During the 1960s, the Vikings' record was typical for an expansion franchise, but improved over the course of the decade, resulting in a Central Division title in 1968. Bank Stadium in the Downtown East section of Minneapolis.
In 1969, their dominant defense led to the Vikings' league championship, the last NFL championship prior to the merger of the NFL with the AFL. However, a new professional team in the area did not surface again until August 1959, when Minneapolis businessmen Bill Boyer, H. Skoglund, and Max Winter were awarded a franchise in the new American Football League (AFL).
His cover was blown by local columnist Sid Hartman, who reported the visit and forced Parseghian to issue denials.
Since the team's first season in 1961, the Vikings have had one of the highest winning percentages in the NFL.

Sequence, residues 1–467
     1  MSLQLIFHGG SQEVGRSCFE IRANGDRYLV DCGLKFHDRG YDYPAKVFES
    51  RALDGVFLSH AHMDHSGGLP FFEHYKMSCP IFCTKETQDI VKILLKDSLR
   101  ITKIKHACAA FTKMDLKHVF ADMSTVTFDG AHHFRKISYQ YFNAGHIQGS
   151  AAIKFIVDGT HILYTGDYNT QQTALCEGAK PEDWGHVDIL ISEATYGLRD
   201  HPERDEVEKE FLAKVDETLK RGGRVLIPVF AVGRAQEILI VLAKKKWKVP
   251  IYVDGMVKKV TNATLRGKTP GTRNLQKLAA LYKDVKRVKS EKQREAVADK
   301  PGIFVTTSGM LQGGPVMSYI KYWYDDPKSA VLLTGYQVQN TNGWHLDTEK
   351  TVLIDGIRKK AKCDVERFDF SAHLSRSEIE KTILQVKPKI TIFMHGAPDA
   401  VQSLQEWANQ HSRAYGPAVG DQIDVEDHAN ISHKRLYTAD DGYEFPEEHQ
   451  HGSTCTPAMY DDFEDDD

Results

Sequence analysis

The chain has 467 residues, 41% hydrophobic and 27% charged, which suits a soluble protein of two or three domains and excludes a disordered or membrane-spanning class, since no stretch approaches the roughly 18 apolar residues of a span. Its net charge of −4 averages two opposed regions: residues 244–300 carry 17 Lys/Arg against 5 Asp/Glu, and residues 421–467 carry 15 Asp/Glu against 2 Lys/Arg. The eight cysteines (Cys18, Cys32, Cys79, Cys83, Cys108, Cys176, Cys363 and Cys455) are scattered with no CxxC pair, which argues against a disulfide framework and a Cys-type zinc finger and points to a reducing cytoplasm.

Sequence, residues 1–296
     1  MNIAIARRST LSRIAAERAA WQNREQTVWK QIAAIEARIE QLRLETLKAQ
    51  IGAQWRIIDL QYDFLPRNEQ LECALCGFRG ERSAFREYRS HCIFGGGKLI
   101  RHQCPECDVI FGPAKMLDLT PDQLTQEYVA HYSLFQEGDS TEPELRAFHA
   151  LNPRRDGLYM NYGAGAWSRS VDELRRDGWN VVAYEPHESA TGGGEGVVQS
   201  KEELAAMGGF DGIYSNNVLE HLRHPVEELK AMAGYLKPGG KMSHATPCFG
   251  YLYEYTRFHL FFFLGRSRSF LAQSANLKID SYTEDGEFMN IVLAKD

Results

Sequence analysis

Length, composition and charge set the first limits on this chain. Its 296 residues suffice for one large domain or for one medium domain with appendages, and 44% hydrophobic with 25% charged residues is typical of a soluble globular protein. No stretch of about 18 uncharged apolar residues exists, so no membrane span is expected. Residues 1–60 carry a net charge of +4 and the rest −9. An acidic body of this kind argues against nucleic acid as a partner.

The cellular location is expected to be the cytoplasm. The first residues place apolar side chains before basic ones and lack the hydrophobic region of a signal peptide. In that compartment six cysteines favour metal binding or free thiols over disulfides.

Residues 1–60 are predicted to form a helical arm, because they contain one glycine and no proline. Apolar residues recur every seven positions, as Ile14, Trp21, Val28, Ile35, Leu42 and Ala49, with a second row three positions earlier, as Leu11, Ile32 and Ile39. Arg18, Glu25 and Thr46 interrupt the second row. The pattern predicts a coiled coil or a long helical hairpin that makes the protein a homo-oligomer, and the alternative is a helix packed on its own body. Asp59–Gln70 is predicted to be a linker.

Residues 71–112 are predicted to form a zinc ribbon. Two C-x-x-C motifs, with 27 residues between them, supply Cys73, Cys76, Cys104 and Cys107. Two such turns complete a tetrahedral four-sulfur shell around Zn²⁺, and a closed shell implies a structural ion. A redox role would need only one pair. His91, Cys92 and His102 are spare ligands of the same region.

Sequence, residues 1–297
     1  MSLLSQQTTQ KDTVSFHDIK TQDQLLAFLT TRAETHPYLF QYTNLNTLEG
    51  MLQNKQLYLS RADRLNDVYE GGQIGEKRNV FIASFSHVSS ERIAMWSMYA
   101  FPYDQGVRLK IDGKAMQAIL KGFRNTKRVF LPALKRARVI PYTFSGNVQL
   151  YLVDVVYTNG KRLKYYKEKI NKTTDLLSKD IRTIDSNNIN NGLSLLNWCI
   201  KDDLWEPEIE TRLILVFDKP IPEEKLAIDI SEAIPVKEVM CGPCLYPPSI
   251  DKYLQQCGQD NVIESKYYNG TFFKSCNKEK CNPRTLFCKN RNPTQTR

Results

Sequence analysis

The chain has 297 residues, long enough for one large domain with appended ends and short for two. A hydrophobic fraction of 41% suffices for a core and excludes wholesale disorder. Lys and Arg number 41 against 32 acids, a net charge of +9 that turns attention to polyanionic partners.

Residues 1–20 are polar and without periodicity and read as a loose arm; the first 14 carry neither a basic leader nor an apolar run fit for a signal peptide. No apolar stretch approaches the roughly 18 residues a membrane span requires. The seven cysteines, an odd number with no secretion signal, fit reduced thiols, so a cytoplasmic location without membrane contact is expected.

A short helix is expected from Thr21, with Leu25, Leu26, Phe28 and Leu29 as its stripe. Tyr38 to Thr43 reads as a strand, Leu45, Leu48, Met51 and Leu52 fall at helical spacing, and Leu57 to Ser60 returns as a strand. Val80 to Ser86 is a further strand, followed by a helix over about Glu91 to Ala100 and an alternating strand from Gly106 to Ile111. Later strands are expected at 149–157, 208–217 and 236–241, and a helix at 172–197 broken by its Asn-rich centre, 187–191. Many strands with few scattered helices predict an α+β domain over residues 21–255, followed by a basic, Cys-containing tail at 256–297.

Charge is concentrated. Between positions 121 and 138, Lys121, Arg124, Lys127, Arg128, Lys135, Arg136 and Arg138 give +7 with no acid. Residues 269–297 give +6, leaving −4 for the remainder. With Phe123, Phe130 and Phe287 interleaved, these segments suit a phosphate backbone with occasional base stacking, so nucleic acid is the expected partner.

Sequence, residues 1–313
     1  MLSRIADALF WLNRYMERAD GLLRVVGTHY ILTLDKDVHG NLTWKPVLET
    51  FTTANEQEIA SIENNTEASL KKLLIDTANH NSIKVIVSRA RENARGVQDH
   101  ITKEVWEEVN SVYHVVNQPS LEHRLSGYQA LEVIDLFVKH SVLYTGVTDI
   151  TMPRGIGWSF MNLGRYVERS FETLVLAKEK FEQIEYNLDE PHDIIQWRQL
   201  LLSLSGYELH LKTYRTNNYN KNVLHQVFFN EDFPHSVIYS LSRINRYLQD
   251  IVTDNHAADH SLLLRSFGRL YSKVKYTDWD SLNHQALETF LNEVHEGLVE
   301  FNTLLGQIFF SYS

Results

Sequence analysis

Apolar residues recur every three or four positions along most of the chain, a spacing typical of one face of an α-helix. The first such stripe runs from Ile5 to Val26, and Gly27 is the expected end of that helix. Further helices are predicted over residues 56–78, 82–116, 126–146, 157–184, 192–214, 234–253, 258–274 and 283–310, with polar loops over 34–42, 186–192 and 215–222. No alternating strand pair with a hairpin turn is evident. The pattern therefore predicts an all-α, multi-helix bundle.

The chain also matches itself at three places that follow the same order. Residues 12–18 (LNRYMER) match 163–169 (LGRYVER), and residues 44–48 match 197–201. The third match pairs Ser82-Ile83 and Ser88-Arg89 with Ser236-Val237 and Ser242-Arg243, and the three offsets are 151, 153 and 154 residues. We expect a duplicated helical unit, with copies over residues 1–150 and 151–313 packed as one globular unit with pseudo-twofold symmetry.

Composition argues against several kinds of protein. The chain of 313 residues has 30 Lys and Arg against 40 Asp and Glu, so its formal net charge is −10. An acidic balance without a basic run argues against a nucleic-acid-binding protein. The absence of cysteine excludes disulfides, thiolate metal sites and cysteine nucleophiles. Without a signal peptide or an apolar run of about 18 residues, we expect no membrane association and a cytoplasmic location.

As of 2017, they have won at least three games in every season except in 1962, and are one of only six NFL teams to win at least 15 games in a regular season.
Notable veterans acquired in the offseason were George Shaw and Hugh Mc Elhenny.
The Vikings won their first regular season game, defeating the Chicago Bears 37–13 on Opening Day 1961; Tarkenton came off the bench to throw four touchdown passes and run for another to lead the upset.
Reality set in as the expansion team lost its next seven games on their way to a 3–11 record.